If your idea of roughing it is a hotel without room service, camping hasn't been on your vacation wish list. Until now. "Glamping"—glamorous camping—combines the splendor of the great outdoors with the comfort of a top-tier hotel. Intrigued? Here's how luxe trips compare with traditional outings.
Camping: Hot dogs roasted over a fire
Glamping: Grilled rack of lamb prepared by a campside chef
Forget fiddling with your pocketknife to pry open that can of beans. At average rates from $300 to $500 a day, glamping trips include mouthwatering meals prepared by professional chefs. For instance, a four-night hiking trip to Havasupai in the Grand Canyon, run by Austin Lehman Adventures ($1,698 per person; 800-575-1540; austinlehman.com), gives you three nights at a fully provisioned camp, where a chef sets up near a 100-foot waterfall. And Far and Away Adventures (800-232-8588; far-away.com) offers Idaho trips that feature five-star fare such as pork tenderloin with five-spice seasoning or Kobe beef tenderloin salad. Dinners are presented on white linen tablecloths and paired with wines preselected by the company's sommelier, which ups the elegance factor.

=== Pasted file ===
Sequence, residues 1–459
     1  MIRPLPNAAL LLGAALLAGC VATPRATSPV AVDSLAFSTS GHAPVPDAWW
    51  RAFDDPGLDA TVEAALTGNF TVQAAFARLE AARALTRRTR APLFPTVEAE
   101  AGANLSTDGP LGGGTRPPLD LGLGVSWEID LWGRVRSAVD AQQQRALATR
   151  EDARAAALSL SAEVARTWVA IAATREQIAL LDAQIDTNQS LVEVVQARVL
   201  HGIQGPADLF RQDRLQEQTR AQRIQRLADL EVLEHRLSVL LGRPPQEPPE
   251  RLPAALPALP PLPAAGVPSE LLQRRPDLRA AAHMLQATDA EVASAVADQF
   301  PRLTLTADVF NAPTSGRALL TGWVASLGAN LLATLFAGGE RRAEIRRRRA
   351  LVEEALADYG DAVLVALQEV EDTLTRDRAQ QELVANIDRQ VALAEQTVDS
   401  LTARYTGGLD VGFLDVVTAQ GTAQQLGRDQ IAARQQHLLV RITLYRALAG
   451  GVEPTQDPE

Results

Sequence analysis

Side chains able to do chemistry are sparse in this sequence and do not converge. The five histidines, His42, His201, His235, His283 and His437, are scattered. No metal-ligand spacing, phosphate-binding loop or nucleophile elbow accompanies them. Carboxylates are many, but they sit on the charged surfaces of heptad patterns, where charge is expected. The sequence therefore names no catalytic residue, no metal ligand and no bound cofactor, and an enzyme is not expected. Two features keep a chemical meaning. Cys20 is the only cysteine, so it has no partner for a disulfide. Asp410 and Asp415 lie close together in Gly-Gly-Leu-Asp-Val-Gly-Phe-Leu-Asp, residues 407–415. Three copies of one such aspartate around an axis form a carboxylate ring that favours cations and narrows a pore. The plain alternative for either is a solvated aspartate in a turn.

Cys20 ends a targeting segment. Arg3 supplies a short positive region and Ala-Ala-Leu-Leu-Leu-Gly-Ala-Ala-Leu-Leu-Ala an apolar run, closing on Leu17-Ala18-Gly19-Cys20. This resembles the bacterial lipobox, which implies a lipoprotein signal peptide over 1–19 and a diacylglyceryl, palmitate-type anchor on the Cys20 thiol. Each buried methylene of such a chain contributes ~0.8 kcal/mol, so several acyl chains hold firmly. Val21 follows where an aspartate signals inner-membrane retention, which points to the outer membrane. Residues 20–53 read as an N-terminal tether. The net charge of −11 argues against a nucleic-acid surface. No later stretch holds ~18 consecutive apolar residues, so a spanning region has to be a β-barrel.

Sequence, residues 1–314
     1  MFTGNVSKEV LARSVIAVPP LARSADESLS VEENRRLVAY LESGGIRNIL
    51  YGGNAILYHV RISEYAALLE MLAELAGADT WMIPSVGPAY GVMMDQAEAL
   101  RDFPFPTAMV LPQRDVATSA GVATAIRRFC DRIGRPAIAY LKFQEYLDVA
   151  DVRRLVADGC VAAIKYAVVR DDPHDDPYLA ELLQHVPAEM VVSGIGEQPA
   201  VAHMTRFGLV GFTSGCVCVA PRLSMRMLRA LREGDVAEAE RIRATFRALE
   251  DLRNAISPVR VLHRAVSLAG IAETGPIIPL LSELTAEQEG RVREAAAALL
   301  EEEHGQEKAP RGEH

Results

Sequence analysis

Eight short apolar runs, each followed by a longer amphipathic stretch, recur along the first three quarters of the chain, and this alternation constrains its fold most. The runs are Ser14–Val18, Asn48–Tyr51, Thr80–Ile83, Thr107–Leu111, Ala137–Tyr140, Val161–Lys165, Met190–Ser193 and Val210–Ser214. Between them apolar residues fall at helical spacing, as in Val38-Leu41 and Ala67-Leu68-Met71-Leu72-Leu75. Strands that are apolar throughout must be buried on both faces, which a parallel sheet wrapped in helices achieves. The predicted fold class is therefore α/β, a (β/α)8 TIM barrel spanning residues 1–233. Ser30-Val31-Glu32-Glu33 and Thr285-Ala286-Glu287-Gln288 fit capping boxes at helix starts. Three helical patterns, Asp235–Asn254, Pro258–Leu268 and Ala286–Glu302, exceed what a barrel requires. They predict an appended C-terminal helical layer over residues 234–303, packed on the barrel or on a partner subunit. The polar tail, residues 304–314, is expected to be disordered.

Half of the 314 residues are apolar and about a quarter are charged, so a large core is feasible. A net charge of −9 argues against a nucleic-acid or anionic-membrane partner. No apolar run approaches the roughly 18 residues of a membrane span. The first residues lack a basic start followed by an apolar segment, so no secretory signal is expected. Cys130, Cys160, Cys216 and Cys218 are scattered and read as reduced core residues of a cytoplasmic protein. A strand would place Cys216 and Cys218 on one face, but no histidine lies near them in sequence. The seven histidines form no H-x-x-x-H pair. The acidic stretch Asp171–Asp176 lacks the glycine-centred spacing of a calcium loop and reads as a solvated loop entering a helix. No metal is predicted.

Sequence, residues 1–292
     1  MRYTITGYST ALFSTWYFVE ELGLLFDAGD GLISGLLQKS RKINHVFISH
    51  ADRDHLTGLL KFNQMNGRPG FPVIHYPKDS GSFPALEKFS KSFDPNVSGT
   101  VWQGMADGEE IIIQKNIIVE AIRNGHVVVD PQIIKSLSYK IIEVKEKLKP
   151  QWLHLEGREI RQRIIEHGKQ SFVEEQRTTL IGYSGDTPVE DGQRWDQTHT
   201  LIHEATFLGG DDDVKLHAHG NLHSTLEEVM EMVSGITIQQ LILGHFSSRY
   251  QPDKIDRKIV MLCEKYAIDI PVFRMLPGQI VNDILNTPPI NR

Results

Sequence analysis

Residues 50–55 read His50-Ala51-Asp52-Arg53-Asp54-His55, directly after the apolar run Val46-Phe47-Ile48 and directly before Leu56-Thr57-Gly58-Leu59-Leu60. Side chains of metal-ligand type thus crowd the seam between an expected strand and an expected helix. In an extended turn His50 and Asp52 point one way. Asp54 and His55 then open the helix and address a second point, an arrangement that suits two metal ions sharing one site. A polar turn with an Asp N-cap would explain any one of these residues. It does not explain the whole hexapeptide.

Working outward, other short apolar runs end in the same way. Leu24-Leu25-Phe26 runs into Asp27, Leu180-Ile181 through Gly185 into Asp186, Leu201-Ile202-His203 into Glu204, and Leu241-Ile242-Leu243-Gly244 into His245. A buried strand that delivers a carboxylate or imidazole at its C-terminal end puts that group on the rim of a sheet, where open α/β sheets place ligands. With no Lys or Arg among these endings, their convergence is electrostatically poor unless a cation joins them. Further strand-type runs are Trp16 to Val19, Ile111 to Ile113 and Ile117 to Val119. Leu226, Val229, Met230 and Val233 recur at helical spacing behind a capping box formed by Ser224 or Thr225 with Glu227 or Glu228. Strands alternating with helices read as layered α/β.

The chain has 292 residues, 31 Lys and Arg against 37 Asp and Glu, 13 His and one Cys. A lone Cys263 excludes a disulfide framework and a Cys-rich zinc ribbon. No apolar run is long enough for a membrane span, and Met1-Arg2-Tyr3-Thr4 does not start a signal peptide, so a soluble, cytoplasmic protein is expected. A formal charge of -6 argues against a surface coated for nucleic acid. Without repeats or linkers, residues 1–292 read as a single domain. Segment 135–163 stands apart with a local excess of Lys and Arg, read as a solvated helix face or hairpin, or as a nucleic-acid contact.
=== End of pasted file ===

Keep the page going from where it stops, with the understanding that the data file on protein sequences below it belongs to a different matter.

Camping: Unguided forays through the wilderness
Glamping: Escorted, effortless journeys
You'll have no worries about getting lost, because glamping trips include experienced local guides. For instance, Far and Away Adventures specializes in rafting trips (starting at $1,680) along the Middle Fork of Idaho's Salmon River, leading glampers through remote and rugged territory. And Abercrombie & Kent's Cataract Canyon River Rafting (six days from $2,415; 800-554-7094; abercrombiekent.com) takes participants on routes that go deep into Utah's Canyonlands National Park, so you can explore Pueblo ruins, learn about ancient petroglyphs, and hike secluded side canyons. At adventure's end, board a private plane for a scenic flight to your starting point.
Camping: Struggles to pitch your tent
Glamping: Preset shelter complete with comfortable sleeping quarters
No need to fumble with the canvas; you'll find your tent already set up. Boundless Journeys (800-941-8010; boundlessjourneys.com) includes roomy tents on its kayak trips off Vancouver Island (six days, $2,995) and Baja and the Sea of Cortez (seven days, $1,895). If you'd rather "glamp lite"—that is, provide and cook your own food and create your own escapades—you can still find nighttime luxury at Falling Waters Adventure Resort ($84 a night; 877-247-5535; fallingwatersresort.com). Located 12 miles from the southern edge of Great Smoky Mountains National Park in western North Carolina, eight yurts (circular, domed structures) are spread across the five-acre camp. Each yurt comes with a queen bed and futon, small refrigerator, coffeemaker, and CD player. You'll also find four shared private bathrooms and picnic areas. There may not be a sommelier, but your champagne under the stars will be just as sparkling.